The scarcity and alienation, born of exploitation, is not inevitable. And as the product of our own cultural assumptions and actions, its transformation is within our influence. As Wendell Berry wrote, “We have lived by the assumption that what was good for us would be good for the world. And this has been based on the even flimsier assumption that we could know with any certainty what was good even for us. We have fulfilled the danger of this by making our personal pride and greed the standard of our behavior toward the world - to the incalculable disadvantage of the world and every living thing in it. And now, perhaps very close to too late, our great error has become clear. It is not only our own creativity - our own capacity for life - that is stifled by our arrogant assumption; the creation itself is stifled.
“We have been wrong. We must change our lives, so that it will be possible to live by the contrary assumption that what is good for the world will be good for us. And that requires that we make the effort to know the world and to learn what is good for it. We must learn to cooperate in its processes, and to yield to its limits. But even more important, we must learn to acknowledge that the creation is full of mystery; we will never entirely understand it. We must abandon arrogance and stand in awe. We must recover the sense of the majesty of creation, and the ability to be worshipful in its presence. For I do not doubt that it is only on the condition of humility and reverence before the world that our species will be able to remain in it.”
“Recover” is a well-chosen word here, reminding us that other times and cultures have preserved this sense of gratitude, care, and contentment in relation to one another and the earth. More recently, Robin Wall Kimmerer wrote that:
“The shortage is due not to how much material wealth there actually is, but to the way in which it is exchanged or circulated. The market system artificially creates scarcity by blocking the flow between the source and the consumer. Grain may rot in the warehouse while hungry people starve because they cannot pay for it. The result is famine for some and diseases of excess for others. The very earth that sustains us is being destroyed to fuel injustice. … And yet, while creating an alternative to destructive economic structures is imperative, it is not enough. It is not just changes in policies that we need, but also changes to the heart. Scarcity and plenty are as much qualities of the mind and spirit as they are of the economy. Gratitude plants the seed for abundance. ... It celebrates cultures of regenerative reciprocity, where wealth is understood to be having enough to share and riches are counted in mutually beneficial relationships. … Gratitude for all the earth has given us lends us courage to turn and face the Windigo that stalks us, to refuse to participate in an economy that destroys the beloved earth to line the pockets of the greedy, to demand an economy that is aligned with life, not stacked against it.” (Braiding Sweetgrass)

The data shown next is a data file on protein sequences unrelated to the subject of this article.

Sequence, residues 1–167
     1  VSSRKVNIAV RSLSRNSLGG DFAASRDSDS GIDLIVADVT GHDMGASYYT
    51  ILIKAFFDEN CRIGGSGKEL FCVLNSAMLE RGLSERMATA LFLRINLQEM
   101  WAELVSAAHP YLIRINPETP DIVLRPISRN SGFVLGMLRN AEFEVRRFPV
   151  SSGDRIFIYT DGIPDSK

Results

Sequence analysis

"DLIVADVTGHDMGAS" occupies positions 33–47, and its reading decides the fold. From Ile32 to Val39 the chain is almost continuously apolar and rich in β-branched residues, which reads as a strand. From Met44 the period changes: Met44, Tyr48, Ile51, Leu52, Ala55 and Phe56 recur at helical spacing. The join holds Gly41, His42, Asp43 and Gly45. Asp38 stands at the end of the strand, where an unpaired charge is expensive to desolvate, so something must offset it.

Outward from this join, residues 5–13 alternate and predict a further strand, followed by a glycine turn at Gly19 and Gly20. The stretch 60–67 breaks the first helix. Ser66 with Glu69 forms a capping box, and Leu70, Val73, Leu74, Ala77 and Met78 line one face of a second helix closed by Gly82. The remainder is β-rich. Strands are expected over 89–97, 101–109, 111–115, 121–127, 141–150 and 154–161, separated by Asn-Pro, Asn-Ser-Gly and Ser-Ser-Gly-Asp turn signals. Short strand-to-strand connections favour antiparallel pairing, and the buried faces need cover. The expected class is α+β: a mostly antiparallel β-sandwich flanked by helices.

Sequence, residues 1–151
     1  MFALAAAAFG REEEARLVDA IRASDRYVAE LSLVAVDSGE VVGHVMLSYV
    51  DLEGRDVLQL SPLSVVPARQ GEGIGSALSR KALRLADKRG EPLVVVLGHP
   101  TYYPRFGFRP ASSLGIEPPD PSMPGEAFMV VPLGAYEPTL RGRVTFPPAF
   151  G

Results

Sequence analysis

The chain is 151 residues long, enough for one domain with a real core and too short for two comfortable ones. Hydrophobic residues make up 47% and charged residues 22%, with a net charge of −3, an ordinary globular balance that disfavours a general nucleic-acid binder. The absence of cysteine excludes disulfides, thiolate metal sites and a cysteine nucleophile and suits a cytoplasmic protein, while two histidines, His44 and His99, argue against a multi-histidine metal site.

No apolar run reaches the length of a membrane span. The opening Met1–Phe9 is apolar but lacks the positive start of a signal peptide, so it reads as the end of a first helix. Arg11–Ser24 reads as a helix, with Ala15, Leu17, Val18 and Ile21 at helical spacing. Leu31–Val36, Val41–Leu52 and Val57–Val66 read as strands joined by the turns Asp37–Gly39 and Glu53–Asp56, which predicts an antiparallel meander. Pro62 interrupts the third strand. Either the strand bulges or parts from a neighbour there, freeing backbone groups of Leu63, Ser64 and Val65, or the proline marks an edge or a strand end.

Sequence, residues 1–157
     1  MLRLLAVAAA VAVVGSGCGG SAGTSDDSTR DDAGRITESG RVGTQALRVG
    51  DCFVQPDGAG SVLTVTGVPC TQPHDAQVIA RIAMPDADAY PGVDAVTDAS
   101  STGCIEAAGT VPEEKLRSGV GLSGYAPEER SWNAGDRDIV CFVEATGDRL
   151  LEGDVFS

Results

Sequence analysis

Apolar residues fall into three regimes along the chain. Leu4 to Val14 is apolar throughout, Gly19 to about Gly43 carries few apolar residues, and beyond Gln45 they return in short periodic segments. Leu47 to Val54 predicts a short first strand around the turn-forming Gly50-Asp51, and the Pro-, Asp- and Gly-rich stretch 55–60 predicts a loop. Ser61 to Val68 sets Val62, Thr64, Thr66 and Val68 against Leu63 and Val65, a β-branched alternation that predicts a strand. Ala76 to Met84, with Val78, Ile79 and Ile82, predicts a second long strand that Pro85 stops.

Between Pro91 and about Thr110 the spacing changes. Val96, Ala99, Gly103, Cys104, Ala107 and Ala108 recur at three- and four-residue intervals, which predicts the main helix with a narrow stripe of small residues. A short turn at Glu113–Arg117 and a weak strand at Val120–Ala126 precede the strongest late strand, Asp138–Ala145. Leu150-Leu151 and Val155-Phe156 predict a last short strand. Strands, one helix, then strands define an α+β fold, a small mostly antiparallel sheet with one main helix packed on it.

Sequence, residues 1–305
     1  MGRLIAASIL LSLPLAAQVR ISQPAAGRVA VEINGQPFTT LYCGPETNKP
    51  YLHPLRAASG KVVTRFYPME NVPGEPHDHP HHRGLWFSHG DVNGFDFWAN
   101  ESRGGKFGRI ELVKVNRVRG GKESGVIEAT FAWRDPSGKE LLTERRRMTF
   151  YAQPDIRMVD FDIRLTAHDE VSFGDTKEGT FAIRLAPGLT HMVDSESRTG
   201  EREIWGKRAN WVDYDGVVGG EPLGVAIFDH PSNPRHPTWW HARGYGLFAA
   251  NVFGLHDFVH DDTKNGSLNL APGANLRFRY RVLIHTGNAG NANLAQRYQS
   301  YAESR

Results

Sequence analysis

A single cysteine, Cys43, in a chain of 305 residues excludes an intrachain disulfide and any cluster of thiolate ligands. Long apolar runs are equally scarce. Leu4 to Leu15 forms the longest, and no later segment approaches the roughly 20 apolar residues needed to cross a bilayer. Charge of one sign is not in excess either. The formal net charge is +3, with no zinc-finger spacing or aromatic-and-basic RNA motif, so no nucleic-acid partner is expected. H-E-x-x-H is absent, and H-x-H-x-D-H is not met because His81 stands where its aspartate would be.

I don’t read Gerard Manley Hopkins as often as I did twenty years ago. But, for lovers of trees and books, I still have my old paperback copy of his poems, a Wordsworth Poetry Library edition which has accompanied me on many hikes and up many trees. His voice is part of me and continues to be a reminder of the type of relationship we can and need to have with this incredible earth. Returning to those well-loved poplars, we can reflect on how different and healthy our approach to development, industry, agriculture, entertainment, and our daily lives could be, if we cared for the earth like Hopkins cared for those trees. We couldn’t brazenly destroy the planet, provoke a mass extinction event, or accelerate climate change. We couldn’t do all this at the expense of the most vulnerable humans and ecosystems on earth. We would do everything with a great deal of care and, when development did require some level of destruction, we would proceed with the sorrow of losing a friend and with a keen sense of humility.
Destruction is quick work, while life and ecological health is counted slowly, in decades and even centuries. There is little room for error, for “strokes of havoc.” Our scientists have told us this for decades, urging us to take seriously our belonging to the planet, to care for ourselves by caring for her. But there has been a gap; the dominant cultures brush all of this aside to continue to “Hack and rack the growing green” to accumulate wealth and power.
So we must continually turn to voices and cultures that show this other way, that remind us that care must be taken, and will be taken, if we know what it is we are doing and know the intricate web that binds all living things together. (If you have ever watched a tree, dancing in the wind, you might know the feeling.) And joyful insights like these - birthed by the wisdom of our elders, the wonder of our children, the keen ears of our poets and eyes of our painters, the songs of our singers, the hands of our gardeners – will gather to a greatness, shine out like shook foil, and make a healthier, happier planet and people possible again.